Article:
The message of the email (full email text available below), of course, is more subtle and when read carefully it becomes clear that the authors intended the message to be focused around solutions to poverty. Yet still, I take issue with these types of competitions aimed at finding the best paper on poverty because they are symbolic and representative of the larger trend in academic and research environments to glamorize the pain of poverty in order to sustain or advance an academic career. I emphasize that I am not suggesting this is necessarily deliberate on the part of either the sponsors or the contributors, just that such practices exist, and are prevalent enough in our daily email traffic for an email junkie to take notice of them as a category unto themselves.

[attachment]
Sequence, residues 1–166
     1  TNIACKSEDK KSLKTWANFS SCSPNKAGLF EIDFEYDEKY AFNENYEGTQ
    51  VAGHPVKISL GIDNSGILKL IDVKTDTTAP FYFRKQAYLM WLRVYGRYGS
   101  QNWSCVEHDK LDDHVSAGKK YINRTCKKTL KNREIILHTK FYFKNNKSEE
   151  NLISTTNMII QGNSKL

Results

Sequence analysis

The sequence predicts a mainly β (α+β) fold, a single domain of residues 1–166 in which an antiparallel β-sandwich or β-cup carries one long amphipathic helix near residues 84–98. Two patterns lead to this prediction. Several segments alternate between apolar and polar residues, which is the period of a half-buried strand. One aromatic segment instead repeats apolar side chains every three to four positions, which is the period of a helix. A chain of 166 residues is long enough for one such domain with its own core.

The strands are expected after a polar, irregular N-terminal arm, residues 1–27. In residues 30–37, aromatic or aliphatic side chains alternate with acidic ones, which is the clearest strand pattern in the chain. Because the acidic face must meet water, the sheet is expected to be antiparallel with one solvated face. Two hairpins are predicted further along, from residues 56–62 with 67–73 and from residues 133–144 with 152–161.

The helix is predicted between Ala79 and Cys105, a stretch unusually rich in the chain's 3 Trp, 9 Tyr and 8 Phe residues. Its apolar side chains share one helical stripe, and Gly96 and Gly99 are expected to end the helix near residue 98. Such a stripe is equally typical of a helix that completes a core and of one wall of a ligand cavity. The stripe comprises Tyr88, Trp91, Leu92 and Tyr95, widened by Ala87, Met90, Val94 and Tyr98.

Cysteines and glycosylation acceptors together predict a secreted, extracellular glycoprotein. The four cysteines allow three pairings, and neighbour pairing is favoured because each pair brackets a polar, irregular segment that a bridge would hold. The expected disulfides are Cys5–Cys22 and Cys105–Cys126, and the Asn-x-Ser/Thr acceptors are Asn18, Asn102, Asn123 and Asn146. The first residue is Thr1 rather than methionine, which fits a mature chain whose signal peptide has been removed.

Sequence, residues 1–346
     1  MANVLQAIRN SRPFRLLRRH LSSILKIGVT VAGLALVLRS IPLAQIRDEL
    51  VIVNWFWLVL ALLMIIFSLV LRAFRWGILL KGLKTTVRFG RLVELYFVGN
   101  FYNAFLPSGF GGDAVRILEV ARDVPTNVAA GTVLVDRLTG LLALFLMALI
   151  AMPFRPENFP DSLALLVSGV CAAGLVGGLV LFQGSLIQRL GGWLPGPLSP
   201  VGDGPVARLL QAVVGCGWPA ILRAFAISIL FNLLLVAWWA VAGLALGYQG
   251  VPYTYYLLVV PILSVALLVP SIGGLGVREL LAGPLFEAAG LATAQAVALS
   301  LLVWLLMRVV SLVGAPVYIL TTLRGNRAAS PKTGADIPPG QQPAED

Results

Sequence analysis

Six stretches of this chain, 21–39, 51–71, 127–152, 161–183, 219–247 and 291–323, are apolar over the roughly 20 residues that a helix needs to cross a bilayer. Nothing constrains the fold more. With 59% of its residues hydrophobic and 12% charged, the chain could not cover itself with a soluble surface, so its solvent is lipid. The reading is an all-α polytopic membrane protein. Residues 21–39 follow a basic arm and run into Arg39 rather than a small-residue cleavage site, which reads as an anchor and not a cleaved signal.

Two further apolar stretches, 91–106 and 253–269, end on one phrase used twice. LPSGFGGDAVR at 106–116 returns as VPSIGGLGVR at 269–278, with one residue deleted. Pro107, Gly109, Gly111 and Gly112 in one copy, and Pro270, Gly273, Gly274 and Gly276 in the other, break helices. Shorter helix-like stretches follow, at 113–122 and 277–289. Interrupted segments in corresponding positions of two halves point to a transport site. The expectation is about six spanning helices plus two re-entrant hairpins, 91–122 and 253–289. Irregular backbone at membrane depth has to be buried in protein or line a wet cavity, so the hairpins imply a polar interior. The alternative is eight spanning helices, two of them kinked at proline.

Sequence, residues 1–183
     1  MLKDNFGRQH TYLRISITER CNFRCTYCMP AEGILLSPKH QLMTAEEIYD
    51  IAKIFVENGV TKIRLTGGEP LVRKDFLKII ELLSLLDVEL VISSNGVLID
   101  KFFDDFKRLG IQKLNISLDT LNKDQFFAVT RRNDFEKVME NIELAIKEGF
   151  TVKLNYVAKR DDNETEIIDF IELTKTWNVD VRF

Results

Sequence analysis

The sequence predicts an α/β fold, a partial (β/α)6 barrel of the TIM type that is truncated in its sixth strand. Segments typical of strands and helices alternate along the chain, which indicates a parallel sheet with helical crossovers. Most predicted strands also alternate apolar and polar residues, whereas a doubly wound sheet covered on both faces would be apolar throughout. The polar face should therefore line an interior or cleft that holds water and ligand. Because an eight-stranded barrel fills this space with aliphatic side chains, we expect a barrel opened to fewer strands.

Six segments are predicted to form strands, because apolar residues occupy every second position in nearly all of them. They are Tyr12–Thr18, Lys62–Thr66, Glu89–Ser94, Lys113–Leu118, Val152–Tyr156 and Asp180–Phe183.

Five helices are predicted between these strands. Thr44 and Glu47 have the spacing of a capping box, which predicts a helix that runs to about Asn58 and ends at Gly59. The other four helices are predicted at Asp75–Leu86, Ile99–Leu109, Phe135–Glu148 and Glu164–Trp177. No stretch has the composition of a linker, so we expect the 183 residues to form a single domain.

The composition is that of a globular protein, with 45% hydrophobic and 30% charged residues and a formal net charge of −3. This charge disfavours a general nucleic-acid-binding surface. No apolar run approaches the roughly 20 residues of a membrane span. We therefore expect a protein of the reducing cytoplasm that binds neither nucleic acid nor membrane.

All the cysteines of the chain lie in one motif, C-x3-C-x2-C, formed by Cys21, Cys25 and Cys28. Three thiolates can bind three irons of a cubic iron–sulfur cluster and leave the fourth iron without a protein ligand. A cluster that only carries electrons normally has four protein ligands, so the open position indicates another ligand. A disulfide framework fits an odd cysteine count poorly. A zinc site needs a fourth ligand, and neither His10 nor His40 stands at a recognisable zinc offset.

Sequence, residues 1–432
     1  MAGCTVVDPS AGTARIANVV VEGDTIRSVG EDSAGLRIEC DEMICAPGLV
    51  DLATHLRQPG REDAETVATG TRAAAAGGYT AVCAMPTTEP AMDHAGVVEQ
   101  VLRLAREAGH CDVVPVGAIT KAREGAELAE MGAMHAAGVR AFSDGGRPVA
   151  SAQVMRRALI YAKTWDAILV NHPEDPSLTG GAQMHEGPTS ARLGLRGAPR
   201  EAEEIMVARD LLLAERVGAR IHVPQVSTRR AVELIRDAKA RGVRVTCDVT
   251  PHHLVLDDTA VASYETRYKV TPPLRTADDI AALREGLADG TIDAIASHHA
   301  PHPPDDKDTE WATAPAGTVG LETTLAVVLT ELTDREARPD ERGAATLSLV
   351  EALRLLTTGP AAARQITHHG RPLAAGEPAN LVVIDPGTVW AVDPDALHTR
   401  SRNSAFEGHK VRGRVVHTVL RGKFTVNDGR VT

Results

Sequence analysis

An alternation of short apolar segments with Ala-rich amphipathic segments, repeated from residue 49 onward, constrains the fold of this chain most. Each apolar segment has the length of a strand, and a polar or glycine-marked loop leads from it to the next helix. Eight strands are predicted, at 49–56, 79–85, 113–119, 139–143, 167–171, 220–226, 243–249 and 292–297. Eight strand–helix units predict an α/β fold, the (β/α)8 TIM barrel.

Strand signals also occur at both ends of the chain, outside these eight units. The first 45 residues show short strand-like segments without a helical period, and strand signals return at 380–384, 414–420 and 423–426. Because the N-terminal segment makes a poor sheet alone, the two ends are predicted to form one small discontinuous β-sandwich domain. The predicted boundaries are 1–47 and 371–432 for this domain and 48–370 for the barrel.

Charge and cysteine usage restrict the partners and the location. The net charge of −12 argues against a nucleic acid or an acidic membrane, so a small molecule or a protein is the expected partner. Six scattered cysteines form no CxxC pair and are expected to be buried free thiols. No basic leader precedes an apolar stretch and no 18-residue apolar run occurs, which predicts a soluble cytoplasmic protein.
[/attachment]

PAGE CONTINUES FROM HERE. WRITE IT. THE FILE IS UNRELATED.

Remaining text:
The competition description offered in the email does not give any of the criteria for selection, which allows for a degree of flex on the part of the parties sponsoring the contest. One might argue that the metrics for a successful — a best — poverty paper would be sensitive to the lens through which the paper was written, thereby screening the selection for liberating or desire-based narratives. Yet the existence of the competition encourages people to find ways to make their poverty paper sexy so as to separate their research from the others.